Dancers must be opened to working in different styles and have permission from the artistic director of the company that they are working with to attend. By contacting the directors, Lynch also gets a sense of how the dancer works in the studio and the different styles of choreography that she/he has performed.
A few choreographers, such as Melissa Barak, Ann Marie DeAngelo, and Peter Pucci have twice attended NCI. Lynch strives to have NCI be a pleasant experience for both the choreographers and the dancers. “I’m trying to create a nurturing, open environment.” She said. “This is not a competition. We’re not trying to make this into “So You Think You Can Dance” or anything like that” we both laughed.
Lynch is very active during the three weeks of NCI. She goes in and out of rehearsals, listens to what the dancers are saying and talks to the choreographers. She listens to what they say, helps provide anything that they might need, and offers feedback about the work. Lynch does not dictate that choreographers must create classical style works or dances performed on pointe, but she does only hire ballet dancers because those are the ones these choreographers will be working with in the professional world.
Julia Feldman was trained under the direction of Pamela Hayes and is now in her 9th season with the Sacramento Ballet where she became interested in choreographing through the company’s Beer and Ballet program. She has created works for this program for 12 seasons as well as the School of the Sacramento Ballet. Feldman attended NCI as a dancer and applied several times as a choreographer, so Lynch was able to watch how she grew and developed as an artist both as a contemporary ballet and neo-classical choreographer.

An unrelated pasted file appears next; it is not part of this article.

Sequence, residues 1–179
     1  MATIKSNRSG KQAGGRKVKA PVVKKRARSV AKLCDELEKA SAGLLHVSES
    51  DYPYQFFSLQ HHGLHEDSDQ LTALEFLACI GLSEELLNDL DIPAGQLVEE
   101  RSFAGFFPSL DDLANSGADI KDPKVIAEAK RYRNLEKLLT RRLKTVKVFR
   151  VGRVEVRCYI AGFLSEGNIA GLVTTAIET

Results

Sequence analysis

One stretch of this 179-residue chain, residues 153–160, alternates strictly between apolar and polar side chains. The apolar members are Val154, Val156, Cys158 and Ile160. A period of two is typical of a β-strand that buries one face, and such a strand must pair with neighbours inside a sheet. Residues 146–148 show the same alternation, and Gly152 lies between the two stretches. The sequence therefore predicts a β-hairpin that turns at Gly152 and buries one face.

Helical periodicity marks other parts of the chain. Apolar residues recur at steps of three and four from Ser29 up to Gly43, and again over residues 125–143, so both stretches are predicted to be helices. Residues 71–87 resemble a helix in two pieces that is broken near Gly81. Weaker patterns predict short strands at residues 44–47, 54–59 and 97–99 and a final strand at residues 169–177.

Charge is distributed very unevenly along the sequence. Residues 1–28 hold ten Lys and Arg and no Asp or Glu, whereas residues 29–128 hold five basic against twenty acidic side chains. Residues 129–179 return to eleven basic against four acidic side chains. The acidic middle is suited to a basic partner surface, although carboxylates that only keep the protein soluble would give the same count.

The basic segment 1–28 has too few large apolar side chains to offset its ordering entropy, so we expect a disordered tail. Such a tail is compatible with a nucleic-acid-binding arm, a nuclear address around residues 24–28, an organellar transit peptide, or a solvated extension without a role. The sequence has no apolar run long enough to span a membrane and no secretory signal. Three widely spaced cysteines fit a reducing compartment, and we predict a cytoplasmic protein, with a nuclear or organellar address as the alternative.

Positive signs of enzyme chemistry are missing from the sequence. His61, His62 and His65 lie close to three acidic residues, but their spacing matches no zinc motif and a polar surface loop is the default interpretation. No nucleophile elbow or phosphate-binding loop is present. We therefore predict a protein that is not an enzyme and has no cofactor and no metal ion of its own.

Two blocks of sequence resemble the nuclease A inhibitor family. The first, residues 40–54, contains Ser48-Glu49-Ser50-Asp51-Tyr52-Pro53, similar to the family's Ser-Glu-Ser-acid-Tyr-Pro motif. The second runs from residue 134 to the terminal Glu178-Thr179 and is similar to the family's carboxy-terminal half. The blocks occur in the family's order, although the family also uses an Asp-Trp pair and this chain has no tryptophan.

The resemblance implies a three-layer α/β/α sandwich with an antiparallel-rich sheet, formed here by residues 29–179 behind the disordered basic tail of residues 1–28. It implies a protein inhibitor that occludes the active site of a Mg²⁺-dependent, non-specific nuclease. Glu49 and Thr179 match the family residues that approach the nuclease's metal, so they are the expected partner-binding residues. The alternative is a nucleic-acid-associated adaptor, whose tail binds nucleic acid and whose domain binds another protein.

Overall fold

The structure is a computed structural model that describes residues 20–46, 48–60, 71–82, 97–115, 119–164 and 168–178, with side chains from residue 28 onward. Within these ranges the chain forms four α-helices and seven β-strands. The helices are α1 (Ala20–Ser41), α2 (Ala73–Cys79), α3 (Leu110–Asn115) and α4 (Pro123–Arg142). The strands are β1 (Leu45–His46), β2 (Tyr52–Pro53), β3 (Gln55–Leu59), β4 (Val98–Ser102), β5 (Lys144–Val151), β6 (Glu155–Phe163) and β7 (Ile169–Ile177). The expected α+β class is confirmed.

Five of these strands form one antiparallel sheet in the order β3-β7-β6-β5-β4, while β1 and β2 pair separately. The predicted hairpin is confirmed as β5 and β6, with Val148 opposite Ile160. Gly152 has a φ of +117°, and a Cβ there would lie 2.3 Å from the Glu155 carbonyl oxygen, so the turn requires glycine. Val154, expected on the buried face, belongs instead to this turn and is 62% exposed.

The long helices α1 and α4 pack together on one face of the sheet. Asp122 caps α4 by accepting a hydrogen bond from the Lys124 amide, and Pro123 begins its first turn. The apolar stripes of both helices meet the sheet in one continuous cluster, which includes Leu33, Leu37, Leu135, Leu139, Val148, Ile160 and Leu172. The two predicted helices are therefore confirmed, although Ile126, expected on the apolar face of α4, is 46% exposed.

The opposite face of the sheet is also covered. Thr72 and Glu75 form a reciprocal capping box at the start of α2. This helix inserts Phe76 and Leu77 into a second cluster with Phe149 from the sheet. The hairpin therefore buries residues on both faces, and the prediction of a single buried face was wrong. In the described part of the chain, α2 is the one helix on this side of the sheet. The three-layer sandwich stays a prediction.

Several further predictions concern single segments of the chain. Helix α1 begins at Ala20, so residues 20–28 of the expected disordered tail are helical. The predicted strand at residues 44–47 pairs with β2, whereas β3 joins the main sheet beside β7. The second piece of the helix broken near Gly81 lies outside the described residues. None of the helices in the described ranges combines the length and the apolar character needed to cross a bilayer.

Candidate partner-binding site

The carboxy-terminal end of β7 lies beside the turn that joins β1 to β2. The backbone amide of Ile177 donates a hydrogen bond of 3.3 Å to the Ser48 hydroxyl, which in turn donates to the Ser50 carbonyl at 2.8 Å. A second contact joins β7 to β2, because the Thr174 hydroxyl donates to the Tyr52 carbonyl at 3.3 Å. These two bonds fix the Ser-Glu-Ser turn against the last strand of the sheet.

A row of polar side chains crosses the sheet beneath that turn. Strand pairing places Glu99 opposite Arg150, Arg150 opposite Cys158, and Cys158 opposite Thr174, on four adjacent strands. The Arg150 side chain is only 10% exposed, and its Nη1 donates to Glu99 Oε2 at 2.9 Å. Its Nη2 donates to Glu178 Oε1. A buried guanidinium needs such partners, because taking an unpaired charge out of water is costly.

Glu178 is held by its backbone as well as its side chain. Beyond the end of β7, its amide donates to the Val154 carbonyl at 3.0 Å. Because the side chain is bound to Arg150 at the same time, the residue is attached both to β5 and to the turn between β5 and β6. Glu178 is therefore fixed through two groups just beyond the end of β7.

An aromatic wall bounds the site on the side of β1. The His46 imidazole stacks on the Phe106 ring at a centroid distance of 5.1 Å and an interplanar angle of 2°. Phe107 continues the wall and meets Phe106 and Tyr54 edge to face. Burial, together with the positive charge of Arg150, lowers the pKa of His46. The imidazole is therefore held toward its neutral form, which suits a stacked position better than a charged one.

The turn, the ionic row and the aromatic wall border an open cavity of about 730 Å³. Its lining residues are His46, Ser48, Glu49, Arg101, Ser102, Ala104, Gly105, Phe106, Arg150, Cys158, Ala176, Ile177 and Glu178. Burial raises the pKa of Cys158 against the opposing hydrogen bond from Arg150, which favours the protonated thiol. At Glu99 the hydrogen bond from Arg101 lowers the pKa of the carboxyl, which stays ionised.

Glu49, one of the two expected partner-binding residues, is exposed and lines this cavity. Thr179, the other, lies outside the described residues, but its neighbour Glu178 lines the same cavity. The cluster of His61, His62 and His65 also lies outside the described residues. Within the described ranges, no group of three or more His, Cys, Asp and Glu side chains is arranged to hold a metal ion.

Alan Hineline was the Artistic Director of Ballet Philippines and is currently the director of artistic programming at Central Pennsylvania Youth Ballet. He has works in the repertories of American Ballet Theatre Studio Company, Ballet de Monterrey, Pennsylvania Ballet, ProDanza Cuba and others. Lynch said that his work could be described as neo-classical in style.
Alex Ketley is a choreographer, filmmaker, and the director of Bay Area’s The Foundry, “a vehicle to explore the intersection of dance with mixed-media art, installation, and contemporary ways of devising performance”. His work and collaborations have been awarded three Isadora Duncan Awards. “His work is more modern and contemporary.” Lynch said. “And I think that it is interesting for the dancers to be working in that way and he (Ketley) is interested in working with ballet dancers and expanding his work.”
Based in Chicago, Tom Mattingly is a freelance choreographer, teacher and performer. He danced professionally with Richmond Ballet, Chautauqua Ballet, Cincinnati Ballet, and Ballet West. He also has a strong background in Modern dance and performed in the Tony Award-winning musical An American in Paris. He has choreographed for several ballet companies and Lynch described Mattingly’s style as contemporary ballet.